Formula 1 Singapore Grand Prix 2017

Last year was the first time I got a taste of Formula 1 live action courtesy of my friend. I got to watch the Free Practice 1 and 2 sessions and I must say I was hooked by it. Hence, I decided to purchase a full 3 days ticket myself for this year’s Singapore Grand Prix. There was talk that this might be the last time for Singapore to host a Formula 1 Grand Prix, but in the end it was good to hear that they will continue to host until 2021.

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Singapore Grand Prix has always been a special one. It’s on with the longest lap time and the most turns and corners. It’s a street circuit that built from all the familiar streets that I passed by on daily basis. Hence, it added a touch of familiarity and coziness when seeing the Formula 1 race cars blazing passed all the familiar landmarks around the Marina Bay Street Circuit.

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If you are a Formula 1 or racing fan, please try to experience the race in live for at least once in your lifetime. The roaring of engines, the smell of burning fuel, the smoke from brushing rubber, and above all, the atmosphere and the crowd is simply amazing. Singapore Grand Prix goes a step further as you will get to be just a few feet away from the race track due to the street circuit’s design, which literally puts you in the action itself. Other than the race itself, there were other races such as the Ferrari Challenge and Porsche Carrera Cup Asia going on throughout the weekend. Besides that, there were also concerts and performances by popular artists around the world. I went for the One Republic concert on Friday and it was awesome!

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I spent time exploring every corner of the tracks on Friday and snapped some pictures along the way. On Saturday, the qualifying session was so intense that I can feel the rush of adrenaline and the increase of my heart beat! In the end, Ferrari and Sebastian Vettel managed to snatch pole position ahead of the Red Bull duos. Yes, I’m a big fan of Ferrari team.

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The race day itself was eventful. I was there right before the first corner, and once in a blue moon, the cars from the front row got wiped out. Yes, my Ferraris and a Red Bull just crashed right in front of my eyes during the first ever night race in wet condition. What the hell had gone wrong?? Anyway, the remaining part of the race was just cheering for Ricciardo whenever the safety car was out and he got to close down the gap with Hamilton. Too bad he failed to seize the opportunity in the end. Hamilton drove a better strategy and race overall.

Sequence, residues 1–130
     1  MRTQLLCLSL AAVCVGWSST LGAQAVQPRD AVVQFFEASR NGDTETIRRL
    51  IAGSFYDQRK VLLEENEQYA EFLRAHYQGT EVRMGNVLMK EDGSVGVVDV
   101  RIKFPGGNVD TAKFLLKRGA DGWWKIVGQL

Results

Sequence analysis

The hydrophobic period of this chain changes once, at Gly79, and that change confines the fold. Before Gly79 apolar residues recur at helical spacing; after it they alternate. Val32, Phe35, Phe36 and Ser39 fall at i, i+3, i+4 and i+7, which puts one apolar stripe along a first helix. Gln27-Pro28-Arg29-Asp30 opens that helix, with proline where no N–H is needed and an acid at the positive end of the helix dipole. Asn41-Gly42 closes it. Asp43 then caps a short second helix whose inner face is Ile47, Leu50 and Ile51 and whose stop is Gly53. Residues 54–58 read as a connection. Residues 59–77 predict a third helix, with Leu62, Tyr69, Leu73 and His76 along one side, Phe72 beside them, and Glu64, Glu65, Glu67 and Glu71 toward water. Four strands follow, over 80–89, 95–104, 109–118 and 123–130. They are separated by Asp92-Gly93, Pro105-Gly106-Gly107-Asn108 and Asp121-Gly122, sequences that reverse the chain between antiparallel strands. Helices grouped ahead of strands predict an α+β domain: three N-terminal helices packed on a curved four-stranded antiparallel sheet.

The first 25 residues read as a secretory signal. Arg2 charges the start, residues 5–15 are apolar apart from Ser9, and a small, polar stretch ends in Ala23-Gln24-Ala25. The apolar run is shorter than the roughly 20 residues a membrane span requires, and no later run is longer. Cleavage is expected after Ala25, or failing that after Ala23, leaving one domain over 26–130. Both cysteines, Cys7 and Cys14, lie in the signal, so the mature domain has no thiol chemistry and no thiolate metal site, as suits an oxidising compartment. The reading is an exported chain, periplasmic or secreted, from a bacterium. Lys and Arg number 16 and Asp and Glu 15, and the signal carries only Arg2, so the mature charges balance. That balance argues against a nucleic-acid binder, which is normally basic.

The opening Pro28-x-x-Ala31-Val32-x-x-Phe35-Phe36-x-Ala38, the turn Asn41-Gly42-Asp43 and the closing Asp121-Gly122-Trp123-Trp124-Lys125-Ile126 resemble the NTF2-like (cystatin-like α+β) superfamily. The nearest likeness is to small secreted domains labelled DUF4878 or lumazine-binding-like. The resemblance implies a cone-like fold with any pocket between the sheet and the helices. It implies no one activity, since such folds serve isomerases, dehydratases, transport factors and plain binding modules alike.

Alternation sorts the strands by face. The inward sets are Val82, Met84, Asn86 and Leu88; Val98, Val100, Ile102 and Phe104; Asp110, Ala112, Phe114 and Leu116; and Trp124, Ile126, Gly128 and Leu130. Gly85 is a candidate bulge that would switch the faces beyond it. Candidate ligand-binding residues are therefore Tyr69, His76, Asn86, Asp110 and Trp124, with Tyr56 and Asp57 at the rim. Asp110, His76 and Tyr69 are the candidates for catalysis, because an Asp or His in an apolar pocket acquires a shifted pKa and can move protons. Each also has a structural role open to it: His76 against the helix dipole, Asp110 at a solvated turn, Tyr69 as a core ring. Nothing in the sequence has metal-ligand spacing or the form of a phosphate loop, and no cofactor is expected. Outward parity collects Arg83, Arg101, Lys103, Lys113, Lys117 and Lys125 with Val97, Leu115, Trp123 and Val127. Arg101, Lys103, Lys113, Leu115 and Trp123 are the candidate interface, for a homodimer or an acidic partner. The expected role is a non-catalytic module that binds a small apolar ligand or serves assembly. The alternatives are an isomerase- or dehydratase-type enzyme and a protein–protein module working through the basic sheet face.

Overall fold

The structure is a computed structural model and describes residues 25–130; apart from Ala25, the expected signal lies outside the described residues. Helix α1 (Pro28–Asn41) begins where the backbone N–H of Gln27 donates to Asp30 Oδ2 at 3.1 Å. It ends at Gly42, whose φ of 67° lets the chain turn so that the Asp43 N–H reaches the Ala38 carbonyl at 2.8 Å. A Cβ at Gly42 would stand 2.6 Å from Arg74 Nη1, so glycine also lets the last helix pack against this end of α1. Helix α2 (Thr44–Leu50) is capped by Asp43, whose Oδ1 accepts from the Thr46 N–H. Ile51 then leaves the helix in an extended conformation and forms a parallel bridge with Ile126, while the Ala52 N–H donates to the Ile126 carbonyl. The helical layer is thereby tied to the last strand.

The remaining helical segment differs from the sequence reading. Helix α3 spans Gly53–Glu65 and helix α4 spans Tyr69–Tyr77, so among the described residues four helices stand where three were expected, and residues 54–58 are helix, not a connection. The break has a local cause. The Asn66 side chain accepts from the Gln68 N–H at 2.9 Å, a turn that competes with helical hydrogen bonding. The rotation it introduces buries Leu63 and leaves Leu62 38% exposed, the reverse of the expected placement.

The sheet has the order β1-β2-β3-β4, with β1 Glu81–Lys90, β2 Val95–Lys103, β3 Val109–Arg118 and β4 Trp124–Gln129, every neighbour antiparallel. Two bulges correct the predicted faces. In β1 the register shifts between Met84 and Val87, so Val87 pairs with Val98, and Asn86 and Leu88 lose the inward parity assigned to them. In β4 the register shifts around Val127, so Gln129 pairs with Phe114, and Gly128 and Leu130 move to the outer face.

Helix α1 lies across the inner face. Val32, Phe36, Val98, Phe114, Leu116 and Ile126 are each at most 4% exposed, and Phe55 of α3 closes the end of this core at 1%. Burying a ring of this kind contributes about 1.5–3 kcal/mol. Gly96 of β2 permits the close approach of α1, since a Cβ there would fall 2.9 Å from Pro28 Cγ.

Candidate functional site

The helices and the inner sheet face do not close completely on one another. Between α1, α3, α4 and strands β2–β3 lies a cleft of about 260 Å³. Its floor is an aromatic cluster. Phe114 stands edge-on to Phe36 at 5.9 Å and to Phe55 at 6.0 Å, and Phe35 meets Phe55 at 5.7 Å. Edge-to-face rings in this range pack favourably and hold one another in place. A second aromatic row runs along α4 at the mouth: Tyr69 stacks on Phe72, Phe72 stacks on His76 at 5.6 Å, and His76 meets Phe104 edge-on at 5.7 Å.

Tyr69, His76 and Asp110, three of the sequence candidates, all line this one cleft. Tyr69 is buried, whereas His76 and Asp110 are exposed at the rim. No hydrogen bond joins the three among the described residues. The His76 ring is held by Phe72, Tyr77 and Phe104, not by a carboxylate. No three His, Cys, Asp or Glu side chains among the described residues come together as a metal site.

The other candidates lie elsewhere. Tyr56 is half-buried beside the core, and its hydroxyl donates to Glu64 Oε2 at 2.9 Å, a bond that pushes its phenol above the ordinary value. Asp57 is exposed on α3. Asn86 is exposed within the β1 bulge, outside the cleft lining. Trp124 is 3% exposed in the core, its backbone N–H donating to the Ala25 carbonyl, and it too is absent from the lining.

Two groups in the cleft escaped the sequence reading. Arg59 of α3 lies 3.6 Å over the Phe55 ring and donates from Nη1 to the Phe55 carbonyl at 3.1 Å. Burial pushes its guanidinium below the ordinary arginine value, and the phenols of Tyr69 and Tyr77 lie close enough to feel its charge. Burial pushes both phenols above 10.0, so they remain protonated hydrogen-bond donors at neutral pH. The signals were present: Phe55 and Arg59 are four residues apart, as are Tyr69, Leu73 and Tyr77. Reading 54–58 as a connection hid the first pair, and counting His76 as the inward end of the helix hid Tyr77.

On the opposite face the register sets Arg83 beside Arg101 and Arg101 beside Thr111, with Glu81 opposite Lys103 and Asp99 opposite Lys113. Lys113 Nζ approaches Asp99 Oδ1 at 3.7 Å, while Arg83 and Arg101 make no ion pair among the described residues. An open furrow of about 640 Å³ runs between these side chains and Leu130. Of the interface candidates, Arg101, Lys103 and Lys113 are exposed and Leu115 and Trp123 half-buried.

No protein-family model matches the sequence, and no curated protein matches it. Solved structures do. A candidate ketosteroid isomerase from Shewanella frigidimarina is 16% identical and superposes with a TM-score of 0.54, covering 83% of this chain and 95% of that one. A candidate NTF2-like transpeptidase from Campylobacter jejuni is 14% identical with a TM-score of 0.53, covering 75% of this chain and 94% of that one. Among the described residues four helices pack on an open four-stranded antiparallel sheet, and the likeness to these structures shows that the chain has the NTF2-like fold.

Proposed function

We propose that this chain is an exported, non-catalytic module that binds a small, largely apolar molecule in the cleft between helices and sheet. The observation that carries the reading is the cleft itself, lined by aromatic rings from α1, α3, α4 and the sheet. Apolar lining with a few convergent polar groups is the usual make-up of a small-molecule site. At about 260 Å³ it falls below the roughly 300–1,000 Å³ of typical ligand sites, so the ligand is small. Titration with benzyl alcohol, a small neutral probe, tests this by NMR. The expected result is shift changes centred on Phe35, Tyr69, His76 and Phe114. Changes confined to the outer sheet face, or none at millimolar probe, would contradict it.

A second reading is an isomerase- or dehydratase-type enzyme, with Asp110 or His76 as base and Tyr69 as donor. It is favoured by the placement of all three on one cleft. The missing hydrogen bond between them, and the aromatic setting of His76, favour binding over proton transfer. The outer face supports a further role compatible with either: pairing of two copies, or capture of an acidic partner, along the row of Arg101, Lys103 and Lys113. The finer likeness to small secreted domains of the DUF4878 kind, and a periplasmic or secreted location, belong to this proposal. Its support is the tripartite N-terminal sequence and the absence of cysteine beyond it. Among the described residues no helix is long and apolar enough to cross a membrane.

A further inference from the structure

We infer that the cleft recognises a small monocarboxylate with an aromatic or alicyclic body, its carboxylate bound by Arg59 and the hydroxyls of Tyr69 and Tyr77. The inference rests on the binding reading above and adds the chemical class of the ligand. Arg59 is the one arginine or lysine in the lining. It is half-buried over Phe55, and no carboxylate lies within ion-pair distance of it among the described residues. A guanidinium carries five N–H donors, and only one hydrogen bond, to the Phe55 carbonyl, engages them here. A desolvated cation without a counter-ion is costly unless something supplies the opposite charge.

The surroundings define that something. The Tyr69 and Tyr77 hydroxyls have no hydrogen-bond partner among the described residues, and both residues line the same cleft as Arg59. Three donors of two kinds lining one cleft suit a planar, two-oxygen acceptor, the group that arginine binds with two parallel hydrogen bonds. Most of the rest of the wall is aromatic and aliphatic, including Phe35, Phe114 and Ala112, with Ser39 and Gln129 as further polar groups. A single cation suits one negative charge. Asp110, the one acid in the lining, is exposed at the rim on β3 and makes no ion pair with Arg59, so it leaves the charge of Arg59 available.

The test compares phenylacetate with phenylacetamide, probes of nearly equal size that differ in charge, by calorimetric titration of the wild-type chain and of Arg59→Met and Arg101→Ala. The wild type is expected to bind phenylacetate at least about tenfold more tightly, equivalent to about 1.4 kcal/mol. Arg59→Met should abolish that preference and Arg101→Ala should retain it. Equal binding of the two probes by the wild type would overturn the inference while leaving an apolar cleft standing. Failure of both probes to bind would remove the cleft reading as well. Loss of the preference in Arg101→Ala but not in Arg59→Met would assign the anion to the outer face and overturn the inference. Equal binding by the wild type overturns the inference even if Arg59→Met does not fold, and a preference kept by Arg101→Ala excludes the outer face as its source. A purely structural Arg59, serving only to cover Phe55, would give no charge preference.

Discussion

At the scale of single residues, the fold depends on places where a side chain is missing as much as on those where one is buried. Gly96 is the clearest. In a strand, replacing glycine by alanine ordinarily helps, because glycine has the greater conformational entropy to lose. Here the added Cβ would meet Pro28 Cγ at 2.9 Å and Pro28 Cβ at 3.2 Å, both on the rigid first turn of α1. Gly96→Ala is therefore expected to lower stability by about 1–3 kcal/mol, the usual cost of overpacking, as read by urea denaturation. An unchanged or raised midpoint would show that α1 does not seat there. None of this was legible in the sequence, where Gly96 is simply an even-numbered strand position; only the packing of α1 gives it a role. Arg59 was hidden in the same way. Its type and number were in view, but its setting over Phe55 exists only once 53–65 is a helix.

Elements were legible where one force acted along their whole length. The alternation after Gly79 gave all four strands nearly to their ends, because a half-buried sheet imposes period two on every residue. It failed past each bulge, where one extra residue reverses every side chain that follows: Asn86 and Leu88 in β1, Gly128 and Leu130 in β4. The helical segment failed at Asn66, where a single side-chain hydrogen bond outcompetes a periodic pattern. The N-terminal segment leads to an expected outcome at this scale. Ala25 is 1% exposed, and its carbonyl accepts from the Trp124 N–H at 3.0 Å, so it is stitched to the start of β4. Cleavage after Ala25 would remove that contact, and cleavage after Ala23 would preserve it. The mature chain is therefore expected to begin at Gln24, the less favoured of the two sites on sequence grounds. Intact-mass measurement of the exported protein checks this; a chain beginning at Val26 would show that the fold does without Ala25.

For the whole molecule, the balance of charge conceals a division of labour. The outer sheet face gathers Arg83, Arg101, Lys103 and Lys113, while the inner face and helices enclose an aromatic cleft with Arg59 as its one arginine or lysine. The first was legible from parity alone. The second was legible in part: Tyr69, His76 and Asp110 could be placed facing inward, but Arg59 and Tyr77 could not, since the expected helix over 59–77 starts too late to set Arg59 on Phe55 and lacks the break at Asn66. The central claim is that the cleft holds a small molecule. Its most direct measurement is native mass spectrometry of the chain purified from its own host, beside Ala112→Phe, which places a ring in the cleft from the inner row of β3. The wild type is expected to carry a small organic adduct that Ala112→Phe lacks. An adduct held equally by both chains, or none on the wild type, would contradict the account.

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There goes my first experience of a full weekend of Formula 1 Grand Prix. Very interesting and addicting indeed. Will I be back again next year? Probably I’ll just go for one day instead, we’ll see. These are pictures taken throughout the weekend. Most of the pictures were taken during the free practice sessions. I didn’t want to waste it for not indulging on the actual moment itself. I can live with less picture, so I just enjoy every moment to the fullest. Till then, looking forward for more Formula 1 Grand Prix experience in the future.

The story behind the picture: Tokyo Tower

During my trip to Tokyo in March 2016, I wanted to capture the Tokyo skyline under sunset. I planned for a few possible spots, and I decided to try out shooting from Tokyo City View at Roppongi Hills. I dropped by the viewing deck early as I wasn’t familiar with the area and would like to do some scouting before deciding where to shoot.

After looking around, I decided on my composition and planted my tripod and camera, getting everything ready and setup for the shot. For this shot I’m mounting my Leica M-P Typ 240 with Leica Super-Elmar-M 21mm f/3.4 ASPH. No filter was used as I will be pressing the lens as close to the window as possible in order to reduce the reflection and glare. Additional dark cloth was used to cover the lens to ensure all lights were cut out from reflecting on the window.